2012 was a tough year for the utility sector, which underperformed the broad market. However, I believe 2013 will be a better year for the utilities as compared to last year, due to high yields offered by the utility sector, earnings stability, removal of the dividend tax overhang and an expected increase in rate cases because of rising capital spending. In this article I will briefly review 2012 utility sector performance and discuss utility sector outlook for 2013.
Electric utility stocks underperformed the broader market in 2012. The factors which I believe led to the underperformance of the sector are profit taking in 2012 due to strong financial performance posted in 2011, investor concerns on a dividend tax increase and low electricity demand. In 2012, as broad market advanced, investors invested in growth and riskier assets that led to the decline in utility sector. Also, unregulated power producers were adversely affected by lower natural gas prices that translated into lower power prices.
For a performance comparison of the utility sector I will use XLU (utility sector ETF) and PHLX Utility Sector (UTY). The following chart shows the performance comparison of the sector with S&P 500 and Dow Jones Industrial Index.
US GDP Growth
Source: Google Finance and other public data sources.
In the last seven years, utilities have outperformed the broader market four times, as evident from the table above.
- 5 Top and Worst Performing stocks in 2012
5 Top Performing utility stocks in 2012
5 Worst Performing utility stocks in 2012
Sempra Energy (SRE)
Exelon Corp. (EXC)
NRG Energy (NRG)
Entergy Corp. (ETR)
UNS Energy (UNS)
TECO Energy (TE)
NextEra Energy (NEE)
Consolidated Edison (ED)
PNM Resource (PNM)
AES Corp (AES)
Investor concern over dividend tax hikes was an important factor that kept utility stock prices depressed in 2012. However, the dividend tax hike overhang has been removed as tax on wealthier investors has been increased from 15% to 20%. (Investors were fearing dividend tax rate to increase to 39.6%.)
Given the low interest rate environment and uncertainty over macroeconomic conditions, investment in utilities will remain an attractive opportunity in 2013 as the sector offers high dividend yield and earnings stability. Moreover, in future, rising CAPEX is expected to bode well for utilities as companies will take advantage of rate case increases.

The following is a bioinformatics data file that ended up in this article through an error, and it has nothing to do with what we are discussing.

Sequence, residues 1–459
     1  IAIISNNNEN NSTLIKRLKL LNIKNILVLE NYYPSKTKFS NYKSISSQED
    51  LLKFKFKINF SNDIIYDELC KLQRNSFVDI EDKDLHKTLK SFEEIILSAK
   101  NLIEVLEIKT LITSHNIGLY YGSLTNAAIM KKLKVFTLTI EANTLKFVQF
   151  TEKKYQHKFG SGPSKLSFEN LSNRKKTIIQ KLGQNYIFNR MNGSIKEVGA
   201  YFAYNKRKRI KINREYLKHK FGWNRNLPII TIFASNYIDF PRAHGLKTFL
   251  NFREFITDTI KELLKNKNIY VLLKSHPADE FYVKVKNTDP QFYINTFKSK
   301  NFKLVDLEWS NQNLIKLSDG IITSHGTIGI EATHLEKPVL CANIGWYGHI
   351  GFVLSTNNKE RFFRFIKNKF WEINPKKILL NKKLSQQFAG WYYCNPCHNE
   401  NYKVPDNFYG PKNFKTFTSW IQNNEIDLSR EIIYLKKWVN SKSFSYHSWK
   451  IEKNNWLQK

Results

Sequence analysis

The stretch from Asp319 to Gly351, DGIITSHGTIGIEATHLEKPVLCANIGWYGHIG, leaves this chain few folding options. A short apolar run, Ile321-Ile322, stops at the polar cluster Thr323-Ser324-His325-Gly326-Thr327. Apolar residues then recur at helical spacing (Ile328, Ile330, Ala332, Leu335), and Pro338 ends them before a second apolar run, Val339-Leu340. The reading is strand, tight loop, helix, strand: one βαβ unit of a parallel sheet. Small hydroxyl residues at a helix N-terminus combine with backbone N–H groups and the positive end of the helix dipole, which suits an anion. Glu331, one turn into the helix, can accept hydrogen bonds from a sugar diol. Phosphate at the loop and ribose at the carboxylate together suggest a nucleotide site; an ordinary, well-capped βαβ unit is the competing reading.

Also, the utility sector is expected to perform well in 2013 due to the mean reversion concept. In 2011 materials and financials were the worst performing sectors. However, both sectors bounced back in 2012 with almost 25% return each.
Below are some factors that would have an impact on the utility sector's performance in the future. These factors include rising capital spending in the industry, mergers and acquisitions trend, coal to gas switch and slowing electricity demand.
Capital spending has been increasing due to infrastructure improvement, grid modernization and changing regulations. This planned capital spending increase provides consistent earnings expansion opportunity for regulated utilities as costs would be passed on to consumers through rate case increases. More than $1.8 trillion of infrastructure spending is expected by 2030 according to Edison Electric Institute. The chart below shows CAPEX from 2010 through 2014. (2013 and 2014 figures are based on expectations.)
(click to enlarge)
Merger and acquisition activity would remain an attractive option for utility companies in the future due to rising CAPEX requirement, strengthening of balance sheet, achieving operational efficiency and regional diversity. Recent merger and acquisition transactions include Duke Energy's (DUK) merger with Progress Energy that led to the creation of the largest U.S utility company. Another example includes NRG Energy's acquisition of GenOn Energy.
Coal to Gas Switch
Natural gas prices remained at a low level in 2012 (bottomed in April last year) which made natural gas' use an attractive option for the electricity producers. However, natural gas prices have been rising and are currently at $3.44 MMBtu. If the natural gas prices increase in 2013, utilities will burn more coal for electricity generation as compared to last year.
Challenges faced by the utilities
There are some other factors that can have a significant impact on the financial performance of the utilities going forward. These factors include weak economic outlook and slowing electricity sales growth. Economic conditions are expected to remain uncertain and weak given the relatively high unemployment rate and Euro zone debt crisis. Also, rising CAPEX may lead to more debt borrowing which will create a threat of ratings downgrade for utilities companies, which in turn would increase interest costs and lead to lower earnings.
The utility sector is a low risk sector and offers healthy yields in current low yield environment which makes it an attractive opportunity for investors. However, given low electricity demand growth, operational efficiency will remain an important factor in earnings growth rate. Moreover, the companies should try to expand its reach to solar panels markets to grow their top and bottom lines.
In the next part of the article I will also discuss top five companies which I believe will outperform the sector in 2013.